A Work of Intricate Mechanics & Creativity Words by Kurt Diserio — Photos by Alexa Diserio There’s something about steampunk design that seems to fit well with Pittsburgh’s history. The retro-futuristic industrial style was glorified during the twentieth century through science fiction and fantasy and often represented with the likes of gears, brass, and Victorian-era influences. Although the stories were typically set in the wild west, the gritty mechanical theme just feels like a possible parallel universe of the Steel City. While it’s not powered by steam, the ironhead chopper from tattoo artist, Ray Morrow, was originally born from an idea for the ignition but snowballed out of control into what you see now. Morrow explained, “I had the thought of doing a skeleton key ignition motorcycle but became obsessed with it. After building the mechanism, I started acquiring stuff from there, and the steampunk theme just sort of happened. I saw the hand-built bikes from guys like Indian Larry or Billy Lane and wanted to take that route with something between the old digger look and a chopper. It had to be stretched and low, so I modified the frame to get that long look.” Morrow worked on motorcycles before this build, but it was the first undertaking of this magnitude. With a background in airbrushing and tattooing, he got into bikes as an alternative creative outlet and eventually started making bike parts for other people. “I can’t tell if it’s a compulsion or what. I just get these ideas stuck in my head, and they bug the shit out of me until I do it,” he said. “I feel like every bike I’ve owned is completely different from the last, but this was fun because there were a lot of different challenges involved.” All of the work was done in his garage with a timeline of roughly four years on and off due to many problems along the way. The bent frame was the biggest issue, causing almost a year-long setback. At that time, Morrow ripped the whole bike apart and started over from scratch, deciding to change up a number of things, including double twisted down tubes, a custom oil tank, and an abundance of other parts and pieces too long to list here. The impressive paint and etching were done by Morrow, while TE Customs did the pinstriping. Hellbent Creations made some leather pieces, including the seat and leather straps on the oil tank. The shifter mechanism, forward controls, and oil tank holder came from Mike Chapel, who also helped with the engine. Morrow mentioned that his favorite part of the build was seeing the finished chopper. “That feeling you get when you’ve had a vision and obsessed over it—putting in all that time and effort to see it finally come to life. There’s nothing that compares to working that hard towards a goal and accomplishing it. You get a little bit closer with every part you make and then sit back and get to see the completed project. It makes all of those late nights that I bled all over my garage or screamed at the wall worth it. There’s nothing quite like that feeling of satisfaction.” Featured in Issue 008 1975 HARLEY-DAVIDSON SPORTSTER XL1000 Built by RAY MORROW instagram Words by KURT DISERIO Photos by ALEXA DISERIO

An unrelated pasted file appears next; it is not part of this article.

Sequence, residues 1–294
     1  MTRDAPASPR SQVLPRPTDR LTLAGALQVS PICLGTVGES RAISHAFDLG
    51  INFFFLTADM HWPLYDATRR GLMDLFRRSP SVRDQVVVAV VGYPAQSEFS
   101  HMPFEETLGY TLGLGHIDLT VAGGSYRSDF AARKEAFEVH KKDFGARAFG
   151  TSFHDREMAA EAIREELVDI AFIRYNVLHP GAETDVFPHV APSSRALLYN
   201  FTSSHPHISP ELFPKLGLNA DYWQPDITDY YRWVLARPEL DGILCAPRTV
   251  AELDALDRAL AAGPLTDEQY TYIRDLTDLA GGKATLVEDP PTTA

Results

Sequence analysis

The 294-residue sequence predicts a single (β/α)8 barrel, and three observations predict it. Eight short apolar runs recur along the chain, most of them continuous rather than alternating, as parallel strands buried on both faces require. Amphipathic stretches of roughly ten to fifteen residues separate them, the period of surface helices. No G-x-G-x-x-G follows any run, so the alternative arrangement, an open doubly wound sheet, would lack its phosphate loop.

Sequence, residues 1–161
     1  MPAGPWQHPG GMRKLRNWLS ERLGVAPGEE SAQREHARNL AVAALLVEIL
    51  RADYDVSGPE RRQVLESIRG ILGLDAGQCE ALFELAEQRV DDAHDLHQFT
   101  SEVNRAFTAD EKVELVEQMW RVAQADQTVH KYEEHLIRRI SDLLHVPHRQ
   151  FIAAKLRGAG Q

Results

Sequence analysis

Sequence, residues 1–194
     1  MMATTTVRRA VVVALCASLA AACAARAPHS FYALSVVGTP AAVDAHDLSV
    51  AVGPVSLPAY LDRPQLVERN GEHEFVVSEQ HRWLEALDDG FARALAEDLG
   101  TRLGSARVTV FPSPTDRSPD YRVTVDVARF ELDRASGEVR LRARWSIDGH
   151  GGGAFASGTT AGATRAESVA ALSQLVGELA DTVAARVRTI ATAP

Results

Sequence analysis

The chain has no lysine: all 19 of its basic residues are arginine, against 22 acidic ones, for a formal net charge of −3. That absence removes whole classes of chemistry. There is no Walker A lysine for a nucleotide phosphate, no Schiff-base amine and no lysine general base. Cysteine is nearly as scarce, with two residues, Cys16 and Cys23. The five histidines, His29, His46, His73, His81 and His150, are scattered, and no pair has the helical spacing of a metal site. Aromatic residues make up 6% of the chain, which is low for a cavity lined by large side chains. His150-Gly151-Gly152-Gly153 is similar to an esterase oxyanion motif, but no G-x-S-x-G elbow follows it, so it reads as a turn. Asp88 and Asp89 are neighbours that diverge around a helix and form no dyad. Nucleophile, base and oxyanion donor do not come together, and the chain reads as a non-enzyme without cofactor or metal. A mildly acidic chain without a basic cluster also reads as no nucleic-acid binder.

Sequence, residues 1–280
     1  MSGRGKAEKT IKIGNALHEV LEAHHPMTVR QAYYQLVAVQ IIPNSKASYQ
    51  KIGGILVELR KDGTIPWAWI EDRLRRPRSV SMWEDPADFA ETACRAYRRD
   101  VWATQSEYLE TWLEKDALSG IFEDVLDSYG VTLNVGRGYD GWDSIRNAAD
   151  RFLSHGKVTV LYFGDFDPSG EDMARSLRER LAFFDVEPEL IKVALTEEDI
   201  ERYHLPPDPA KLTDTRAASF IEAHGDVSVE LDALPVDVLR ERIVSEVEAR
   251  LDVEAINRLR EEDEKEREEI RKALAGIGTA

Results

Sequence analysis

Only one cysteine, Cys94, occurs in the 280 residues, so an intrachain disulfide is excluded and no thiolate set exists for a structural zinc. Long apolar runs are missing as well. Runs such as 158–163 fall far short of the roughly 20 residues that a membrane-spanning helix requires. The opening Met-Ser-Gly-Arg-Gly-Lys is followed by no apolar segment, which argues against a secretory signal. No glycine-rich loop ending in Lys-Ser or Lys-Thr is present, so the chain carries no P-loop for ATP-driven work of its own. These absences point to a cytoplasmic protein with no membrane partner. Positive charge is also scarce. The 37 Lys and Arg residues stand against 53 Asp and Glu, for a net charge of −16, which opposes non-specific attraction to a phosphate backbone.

1955 Harley-Davidson Panhead Chopper Words by Kurt Diserio — Photos by Alexa Diserio There are certain motorcycles that everyone just seems to love. This is one of them. Nick Miller’s 1955 panhead was built to characterize a specific period of choppers built in the 1960s. It’s the type of bike that people can see themselves riding. There’s nothing overly flashy about it. No wild paint or crazy weld work. The bike just simply embodies so much of what got us into custom choppers in the first place. We talked with Nick about how the bike came together and what all goes into building a machine that could’ve been pulled directly from that special moment in history when creative chopper builds were just getting started. What draws you to period-specific bikes? Do you see it as a challenge?Nick Miller: I’m a history nerd. I’ve always been into history and even studied it in college. To me, it’s not really about it being a challenge but rather trying to stay true to an era. It’s about preserving history in a way. I like the idea that you could find aged photographs in some old guy’s toolbox, and you might see a bike that looked similar to this. That was the appeal to me. With this bike, I tried not to use many parts that were too new for the era. So, even though some stuff like the exhaust was new, it was a style that they were using back in the 1960s. That was the idea behind it, but there are exceptions. For instance, I got an adapter to run this air cleaner on a Super E carburetor. They didn’t run these carbs back then, but because the bike was stroked, I couldn’t keep a Linkert on it. Do you spend a lot of time searching for the right parts and pieces?NM: Something that annoys my wife a lot is that I am buying stuff constantly. It might not necessarily be a part I’ll use right away, but I will hold onto it until the next project comes along. Sometimes you can find one piece that changes the whole direction you’re going. What are the specifics of this chopper?NM: It’s a 1955 FLH engine with 1963-65 outside oiler heads. The transmission is from a 1947 knucklehead, and the frame is a 1949-51. This wasn’t a candidate for a restoration because some pieces on the frame had been cut off. I put a lot of them back on, but it’s still not perfect. So, it lent itself more to being a chopper. The coolest thing about it for me is that there are parts I got off of friends, and I had a group of people help me build it. Someone else made the sissy bar and seat, and I was fortunate enough that some close buddies added their touch. A lot of stuff you can do by yourself, but it’s more fun to work on it with friends. Instead of being considered the builder of this bike, I think of myself more as a proud caretaker. Are there any parts that you feel really pulled it together?NM: When people think about 60s style choppers, most of them were all rigid frame panheads. To me, it had to be a wishbone frame. That was what everyone was using in that period. It couldn’t have been a shovelhead motor—it had to be a panhead. I really wanted to use an I-beam springer because there are so many people running inline springers already. I also wanted old school dogbone risers because it was common then. Most of the parts are all things you could’ve got in that era. How long did the bike take to finish?NM: It took a lot longer than it needed to be. It was originally a complete bike that I eventually picked up off someone who beat me to the original sale. I rode it for about a year while collecting parts to make it how I wanted. I always had multiple bikes, so I was never really rushed to get anything done. As I found stuff or got the money, I’d slowly piece it together. We’re in this age demographic where none of us were around when it actually happened, so to do one now there’s only a handful of guys in the area to reference. The young guys have to share knowledge and ideas, and a lot of it comes down to guessing. You can’t take a bike like this to a dealership because they don’t want to touch it. Where did you get your knowledge of old bikes and the different eras?NM: I grew up around a lot of old cars. One winter I decided I wanted to get a motorcycle, and I bought myself a Sportster like everyone else. I had never ridden one, so after the bike was ready I taught myself how to ride. After that, I wanted an old bike and got my first shovelhead to chop. I had no idea what I was doing, so I was mixing old and new stuff. I never finished it but bought another and started over. So at that point, I had told myself I was really going to do it right this time by reading and referencing more. I learned by reading a lot, talking to older gentlemen, and studying old photos. As cheesy as it sounds, even just a Google search for 60s style choppers gives you a plethora of information. I don’t sleep much, so I just dove in headfirst. Featured in Issue 008 1955 HARLEY-DAVIDSON FLH Owned by NICK MILLER instagram Words by KURT DISERIO Photos by ALEXA DISERIO